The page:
And so the outsiders get mad. Especially if they are Americans, who tend to get worked up about justice. The outsiders say, "Twenty and 30 and 40 years ago, when you were flat on your backs, you were newcomers in America. Granted, life was not easy for you; but the easy-in, easy-out American system is paradise compared to what we encounter in Japan. Our economic hospitality put you on the map. And now how is our hospitality returned? With cozy clubs and Byzantine relationships and 'Members Only' signs and lectures about 'not trying hard enough.' Well, screw you. We'll get even."
Hearing this, the insiders are aghast. The plaintiffs have no case. Surely they misunderstand. The insiders say, "We worked our tails off to establish ourselves in America, whose markets were no pushover for small yellow foreigners. We learned your language and studied your consumers and built distribution networks. We made a vast investment over many years. We played by your rules in your country, and we made the customer happy. And how is our effort repaid? You now demand to play by your rules in our country. Your automobile companies complain of 'closed' markets but do not send us right-hand-drive cars. Is that our fault? Your executives don't learn our language; your companies come into a country where trust and personal ties are the coin of the realm and then pull out after losing money for a couple of years. How dare you blame us for that? No. You must not demand special treatment. You must pay the same dues that all newcomers pay in Japan, and if you do you will enjoy the same benefits, and if you do not you have no right to complain."
The argument belongs in an ethics textbook. Within its own context each side is wholly justified and has a strong claim to justice. And there exists no neutral ground from which to adjudicate. One must simply choose. A heartbreaker.
Worse, I fear: a bonebreaker. As the anger grows, the temptation becomes overwhelming for the nations of North America and Europe to say, "Two can play your game." Indeed, the Americans and Europeans, especially the Europeans, have been playing the game of protectionism for many years. All they need is an excuse to redouble their efforts. If they do so, then the result is either a trade war or recourse to a political solution in which governments meet to allocate markets. ("We'll buy this many Sonys if you'll buy that many Fords. You give us 20 percent of your computer-chip market in exchange for 15 percent of our telecommunications market.")
Either result is a disaster for Japan, first and foremost among all the world's nations. Trade wars hurt most the countries that are most dependent on trade (read: Japan). And allocation of markets according to political clout, by its nature, favors the most politically powerful and hobbles the most economically competitive (read: Japan). This is why the Japanese are stupid and irresponsible to be anything other than the world's leading advocate of free trade, not merely following or complying but leading.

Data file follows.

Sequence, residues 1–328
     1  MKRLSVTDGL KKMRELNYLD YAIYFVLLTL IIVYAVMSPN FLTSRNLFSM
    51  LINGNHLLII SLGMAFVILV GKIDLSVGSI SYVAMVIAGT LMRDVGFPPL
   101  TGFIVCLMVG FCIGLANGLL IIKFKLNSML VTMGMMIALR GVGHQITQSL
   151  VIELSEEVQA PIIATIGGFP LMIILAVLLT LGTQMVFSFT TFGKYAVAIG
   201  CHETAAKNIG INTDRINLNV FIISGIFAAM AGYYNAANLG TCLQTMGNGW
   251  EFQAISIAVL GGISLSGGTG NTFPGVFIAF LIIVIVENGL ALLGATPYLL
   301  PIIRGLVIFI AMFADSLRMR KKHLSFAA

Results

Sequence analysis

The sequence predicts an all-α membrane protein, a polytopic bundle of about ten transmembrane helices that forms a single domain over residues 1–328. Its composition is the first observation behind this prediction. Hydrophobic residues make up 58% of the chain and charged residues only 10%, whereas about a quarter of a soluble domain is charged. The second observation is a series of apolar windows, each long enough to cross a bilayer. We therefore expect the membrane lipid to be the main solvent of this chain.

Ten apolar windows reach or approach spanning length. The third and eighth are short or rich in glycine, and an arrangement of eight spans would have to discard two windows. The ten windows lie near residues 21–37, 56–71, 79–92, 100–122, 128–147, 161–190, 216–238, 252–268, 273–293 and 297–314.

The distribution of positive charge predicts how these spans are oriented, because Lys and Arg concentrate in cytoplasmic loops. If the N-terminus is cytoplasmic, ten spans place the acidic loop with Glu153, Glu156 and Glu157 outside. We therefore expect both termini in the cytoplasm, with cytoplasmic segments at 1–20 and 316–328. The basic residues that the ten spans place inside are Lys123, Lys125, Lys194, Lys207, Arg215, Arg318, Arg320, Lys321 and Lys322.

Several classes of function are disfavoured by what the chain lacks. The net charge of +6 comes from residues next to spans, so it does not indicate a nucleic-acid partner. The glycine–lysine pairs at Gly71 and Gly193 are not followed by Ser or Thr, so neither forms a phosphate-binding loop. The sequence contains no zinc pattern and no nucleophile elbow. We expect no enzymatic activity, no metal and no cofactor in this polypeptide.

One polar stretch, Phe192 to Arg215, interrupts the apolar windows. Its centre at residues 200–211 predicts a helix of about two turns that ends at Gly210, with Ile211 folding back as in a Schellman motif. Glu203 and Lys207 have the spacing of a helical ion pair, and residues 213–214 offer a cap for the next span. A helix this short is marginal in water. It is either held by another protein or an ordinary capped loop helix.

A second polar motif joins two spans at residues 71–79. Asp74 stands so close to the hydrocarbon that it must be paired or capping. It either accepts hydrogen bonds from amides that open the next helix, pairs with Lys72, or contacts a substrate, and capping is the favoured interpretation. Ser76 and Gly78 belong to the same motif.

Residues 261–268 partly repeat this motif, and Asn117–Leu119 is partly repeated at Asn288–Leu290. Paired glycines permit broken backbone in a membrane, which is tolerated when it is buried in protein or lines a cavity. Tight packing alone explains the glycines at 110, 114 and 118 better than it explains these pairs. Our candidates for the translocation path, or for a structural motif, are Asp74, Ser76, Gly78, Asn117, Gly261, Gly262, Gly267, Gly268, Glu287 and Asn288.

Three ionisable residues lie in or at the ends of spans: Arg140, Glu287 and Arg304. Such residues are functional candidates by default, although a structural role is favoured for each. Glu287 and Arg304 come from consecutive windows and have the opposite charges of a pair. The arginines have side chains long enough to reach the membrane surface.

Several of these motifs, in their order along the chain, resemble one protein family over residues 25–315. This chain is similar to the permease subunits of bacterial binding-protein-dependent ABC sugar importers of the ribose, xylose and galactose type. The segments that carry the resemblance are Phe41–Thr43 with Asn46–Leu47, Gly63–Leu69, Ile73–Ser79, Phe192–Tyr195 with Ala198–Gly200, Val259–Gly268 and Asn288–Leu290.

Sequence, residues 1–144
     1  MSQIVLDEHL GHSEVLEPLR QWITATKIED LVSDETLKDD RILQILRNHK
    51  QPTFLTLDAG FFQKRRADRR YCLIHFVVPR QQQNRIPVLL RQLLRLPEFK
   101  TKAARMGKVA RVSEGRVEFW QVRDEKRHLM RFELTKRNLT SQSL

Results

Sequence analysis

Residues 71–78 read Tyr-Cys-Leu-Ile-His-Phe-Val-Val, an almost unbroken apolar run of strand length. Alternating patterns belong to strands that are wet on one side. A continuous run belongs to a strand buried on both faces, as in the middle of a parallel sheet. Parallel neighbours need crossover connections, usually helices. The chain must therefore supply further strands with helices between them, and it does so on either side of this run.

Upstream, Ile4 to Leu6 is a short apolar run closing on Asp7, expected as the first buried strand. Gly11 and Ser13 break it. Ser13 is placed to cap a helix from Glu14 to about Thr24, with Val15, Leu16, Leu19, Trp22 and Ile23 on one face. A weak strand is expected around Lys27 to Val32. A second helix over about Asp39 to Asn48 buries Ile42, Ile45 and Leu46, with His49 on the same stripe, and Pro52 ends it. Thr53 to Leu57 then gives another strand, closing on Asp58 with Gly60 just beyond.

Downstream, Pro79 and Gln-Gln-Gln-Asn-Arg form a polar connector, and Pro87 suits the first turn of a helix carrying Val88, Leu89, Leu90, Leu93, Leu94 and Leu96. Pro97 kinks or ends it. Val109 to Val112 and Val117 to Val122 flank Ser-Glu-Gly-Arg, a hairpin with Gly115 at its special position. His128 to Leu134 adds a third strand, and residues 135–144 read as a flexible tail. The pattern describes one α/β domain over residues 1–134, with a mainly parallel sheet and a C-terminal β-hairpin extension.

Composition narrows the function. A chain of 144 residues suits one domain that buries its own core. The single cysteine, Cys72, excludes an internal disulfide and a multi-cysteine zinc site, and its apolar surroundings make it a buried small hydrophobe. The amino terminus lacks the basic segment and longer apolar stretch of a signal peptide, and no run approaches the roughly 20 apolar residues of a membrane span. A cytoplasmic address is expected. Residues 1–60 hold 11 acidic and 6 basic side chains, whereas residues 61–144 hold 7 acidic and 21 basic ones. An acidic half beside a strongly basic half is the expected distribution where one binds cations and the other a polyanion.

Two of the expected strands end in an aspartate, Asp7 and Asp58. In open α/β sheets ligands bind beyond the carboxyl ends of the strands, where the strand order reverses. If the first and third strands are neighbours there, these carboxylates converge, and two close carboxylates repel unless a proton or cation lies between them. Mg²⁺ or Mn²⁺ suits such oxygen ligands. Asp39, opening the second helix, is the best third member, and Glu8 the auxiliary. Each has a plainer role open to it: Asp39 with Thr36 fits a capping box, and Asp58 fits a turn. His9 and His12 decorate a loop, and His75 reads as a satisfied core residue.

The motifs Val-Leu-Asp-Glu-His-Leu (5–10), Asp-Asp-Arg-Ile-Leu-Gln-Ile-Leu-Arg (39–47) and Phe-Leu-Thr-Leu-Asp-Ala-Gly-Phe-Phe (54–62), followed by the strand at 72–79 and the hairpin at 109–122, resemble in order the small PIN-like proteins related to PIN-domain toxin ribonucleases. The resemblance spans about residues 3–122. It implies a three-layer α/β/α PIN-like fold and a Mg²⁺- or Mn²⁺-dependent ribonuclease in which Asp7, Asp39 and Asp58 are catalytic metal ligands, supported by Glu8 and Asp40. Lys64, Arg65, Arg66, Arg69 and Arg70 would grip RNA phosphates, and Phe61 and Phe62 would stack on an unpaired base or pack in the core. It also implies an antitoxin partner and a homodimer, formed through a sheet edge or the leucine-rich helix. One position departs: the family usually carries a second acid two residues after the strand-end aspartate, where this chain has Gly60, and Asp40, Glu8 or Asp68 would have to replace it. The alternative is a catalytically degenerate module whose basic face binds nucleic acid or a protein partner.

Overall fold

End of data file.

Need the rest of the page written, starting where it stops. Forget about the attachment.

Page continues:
Moreover, Japan's practice of winking at cartels and harassing newcomers, however convenient for politicians and stakeholders, hurts no one as much as the average Japanese. As, indeed, many average Japanese are becoming aware. Traveling abroad in increasing millions, they have begun to see that coziness has its price: that by comparison with the United States or France they have two-thirds as many miles of roadway for every car, that only about two-thirds of their roads were paved by the late 1980s (90 percent in the United States, 100 percent in France and the United Kingdom), that apartment rents are twice as high in Tokyo as in New York City, that consumer prices are at least 30 percent higher than in the United States, that Americans and Europeans take for granted a number of household amenities—central hot water, a toilet inside the apartment rather than down the hall—that quite a few Japanese have been getting along without.
Therefore it is pretty clear in which direction the Japanese should move: toward liberalization, voluntarily and fast. Not because this is good for foreigners (although it is), but because it is vital for Japan.
There is not a great deal that the Americans can do directly to reform the Japanese system, nor does international diplomatic etiquette permit them to try. However, at the very least Americans should avoid making blunders. The biggest blunder, and one that most Americans actually commit, is to see the goal as reducing the U.S. trade deficit. The U.S. balance of trade has not much to do with Japanese economic practices and a great deal to do with macroeconomic forces in America—nor does it matter much anyway. Even people who try very hard have trouble finding any objective damage that trade deficits have caused to the American economy as a whole, and economic theory gives little reason to expect such damage. South Korea ran trade deficits chronically until 1986, and its industrial base was hardly falling apart. For the most part America's industrial base also is not falling apart; and if it were falling apart, getting rid of the trade deficit would of itself no more solve the problem than shooting out the alarm would extinguish a fire.
The tempting and dangerous trap is to seek commitments from the Japanese bureaucracy to manage away the trade deficit by playing macroeconomic games or, worse yet, by regulating imports and exports ("managed trade"). That kind of action would just re-empower the administrative state that blocks political and economic competition—precisely the wrong thing to do. Already the Japanese bureaucracy, like bureaucracies everywhere but less effectively opposed than most, tends to regulate everything that moves and keep secret everything that doesn't. (One day I read in the paper that the Construction Ministry had increased the permissible size of log cabins. Good news for Abe Lincoln.)
At a time when market forces are slowly eroding Japanese bureaucratic power, the ministries would like nothing better than a mandate from the American government to regulate Japanese trade. The United States must avoid doing favors for Japanese bureaucracies and cartels. At every turn it must encourage measures that open the system to newcomers, and so to selection by competitive trial and error. Getting rid of the laws that protect small stores, or exposing the Nokyo agripolitical machine to foreign competition, is just the right sort of idea; demanding that the Construction Ministry dispense untold trillions of yen on public-works projects to jigger down the trade deficit, or demanding percentage shares of Japanese semiconductor markets, is the wrong sort of idea. The way to keep this straight is to set the important goal first: not reducing the trade deficit to some arbitrary number, but unwinding the coils of Japanese technofeudalism.